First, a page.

Summary of the 6th InsTED Workshop at the University of Nottingham

 

We would like to thank The School of Economics, University of Nottingham, for hosting and sponsoring the 6th InsTED Workshop.  We would also like to thank the Nottingham School of Economics for incorporating The World Economy Lecture into the InsTED Workshop, and Wiley for sponsoring this.… read more ...

Summary of the 5th InsTED Workshop at Syracuse University

We would like to thank The Department of Economics and the Maxwell School of Citizenship and Public Affairs, Syracuse University, for hosting and sponsoring the 5th InsTED Workshop.  We are also grateful for sponsorship and organizational support from the Moynihan Institute of Global Affairs, as well as sponsorship from the Program for the Advancement of Research on Conflict and Collaboration (PARCC) and the University of Exeter Business School.  The workshop took place at the Maxwell School from May 15th-16th 2018.  Special thanks go to Kristy Buzard and Devashish Mitra as joint chairs of the local organizing committee, and Juanita Horan for her extremely helpful interactions with everyone.… read more ...

Economics of Populism

Social scientists regard globalization and technological progress as major contributors to the ongoing increase in job and income polarization in the United States and Europe. This increased inequality is thought to have reduced standards of living for the median voter in both regions.  Against this backdrop, the 2007-2008 financial crisis seems to have created a political and economic climate of populism on both the right and the left of the political spectrum.… read more ...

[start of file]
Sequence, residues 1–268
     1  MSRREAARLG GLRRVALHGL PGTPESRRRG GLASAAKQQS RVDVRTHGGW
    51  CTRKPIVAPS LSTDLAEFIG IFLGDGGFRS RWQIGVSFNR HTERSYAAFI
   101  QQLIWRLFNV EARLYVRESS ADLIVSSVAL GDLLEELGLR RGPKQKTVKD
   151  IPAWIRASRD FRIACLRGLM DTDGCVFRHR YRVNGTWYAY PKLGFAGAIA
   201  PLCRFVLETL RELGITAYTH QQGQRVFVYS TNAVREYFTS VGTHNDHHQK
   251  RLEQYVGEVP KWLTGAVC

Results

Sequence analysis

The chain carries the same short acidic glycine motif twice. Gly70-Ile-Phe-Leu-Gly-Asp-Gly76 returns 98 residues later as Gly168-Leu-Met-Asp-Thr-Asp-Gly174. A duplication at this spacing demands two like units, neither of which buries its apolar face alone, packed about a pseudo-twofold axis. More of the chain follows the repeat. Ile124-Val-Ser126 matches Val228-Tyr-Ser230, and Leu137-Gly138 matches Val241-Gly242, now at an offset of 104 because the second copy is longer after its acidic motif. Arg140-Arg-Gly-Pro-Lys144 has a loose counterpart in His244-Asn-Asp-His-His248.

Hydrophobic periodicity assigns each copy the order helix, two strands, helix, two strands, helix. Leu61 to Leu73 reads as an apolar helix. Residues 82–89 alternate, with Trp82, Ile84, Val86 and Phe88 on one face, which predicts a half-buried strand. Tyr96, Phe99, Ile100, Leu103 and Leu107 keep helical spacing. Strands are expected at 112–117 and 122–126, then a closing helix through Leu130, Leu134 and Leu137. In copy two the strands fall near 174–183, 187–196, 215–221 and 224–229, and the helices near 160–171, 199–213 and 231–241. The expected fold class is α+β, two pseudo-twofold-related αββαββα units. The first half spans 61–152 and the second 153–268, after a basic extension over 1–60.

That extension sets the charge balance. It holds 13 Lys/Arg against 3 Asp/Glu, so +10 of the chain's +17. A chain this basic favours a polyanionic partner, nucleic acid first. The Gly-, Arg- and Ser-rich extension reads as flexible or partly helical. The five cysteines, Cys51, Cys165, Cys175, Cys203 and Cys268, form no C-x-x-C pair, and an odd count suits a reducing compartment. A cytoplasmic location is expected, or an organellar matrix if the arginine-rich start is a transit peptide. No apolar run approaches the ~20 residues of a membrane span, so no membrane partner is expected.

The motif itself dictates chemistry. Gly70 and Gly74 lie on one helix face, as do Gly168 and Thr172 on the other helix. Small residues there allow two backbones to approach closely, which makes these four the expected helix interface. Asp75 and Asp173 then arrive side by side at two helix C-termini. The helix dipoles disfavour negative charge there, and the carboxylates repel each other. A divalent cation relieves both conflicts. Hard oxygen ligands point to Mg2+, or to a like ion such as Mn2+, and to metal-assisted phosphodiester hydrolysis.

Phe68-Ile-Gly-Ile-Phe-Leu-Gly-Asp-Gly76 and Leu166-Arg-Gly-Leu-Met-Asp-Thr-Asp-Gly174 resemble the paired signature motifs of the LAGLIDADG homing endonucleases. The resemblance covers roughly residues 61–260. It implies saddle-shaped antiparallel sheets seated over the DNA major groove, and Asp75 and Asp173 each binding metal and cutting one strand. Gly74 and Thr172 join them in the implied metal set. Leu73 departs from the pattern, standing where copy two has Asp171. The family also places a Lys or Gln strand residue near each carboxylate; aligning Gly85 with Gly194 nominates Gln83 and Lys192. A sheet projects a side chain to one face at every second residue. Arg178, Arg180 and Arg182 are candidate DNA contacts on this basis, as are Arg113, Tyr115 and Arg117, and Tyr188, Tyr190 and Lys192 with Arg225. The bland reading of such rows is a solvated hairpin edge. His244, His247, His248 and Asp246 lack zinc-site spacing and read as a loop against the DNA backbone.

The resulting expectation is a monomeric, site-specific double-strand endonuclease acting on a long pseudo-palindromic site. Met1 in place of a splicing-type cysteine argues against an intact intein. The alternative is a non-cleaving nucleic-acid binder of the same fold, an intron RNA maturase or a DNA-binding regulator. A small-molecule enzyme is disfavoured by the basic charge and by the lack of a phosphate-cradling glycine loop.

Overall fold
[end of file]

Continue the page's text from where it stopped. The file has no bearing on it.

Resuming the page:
Break-up of Nations

The Brexit vote on June 23rd 2016 highlights the basic fact that the costs and benefits of economic and political integration are unequally distributed across different social groups within a region.  Because integration has winners and losers, when decisions on sovereignty are taken through majority voting it is possible that a majority against integration emerges even if it is efficient to integrate.… read more ...

Do Ethnic Divisions Matter for Civil Conflict?

Over the second half of the 20th century, civil conflicts (i.e. intra-state conflict) have become increasingly dominant and now account for a greater share of deaths and hardship than any other form of conflict (the main comparator being inter-state conflict).  Empirical research shows that economic variables, particularly poverty and income inequality, are important determinants of civil conflict and there are a variety of channels through which they take effect.  For example, in poor countries young men choose to join the conflict because their expected income from fighting is greater than the income that they would obtain from the labor market, especially if natural resources are under dispute.… read more ...

Natural Resources and Political Stability

There is increasing interest in how natural resources influence political stability. Under a dictatorial regime, political stability is determined by the ability of a ruling group to stay in power. If political power is the route to personal riches by the appropriation of natural resource income, remaining in power is that much more attractive.… read more ...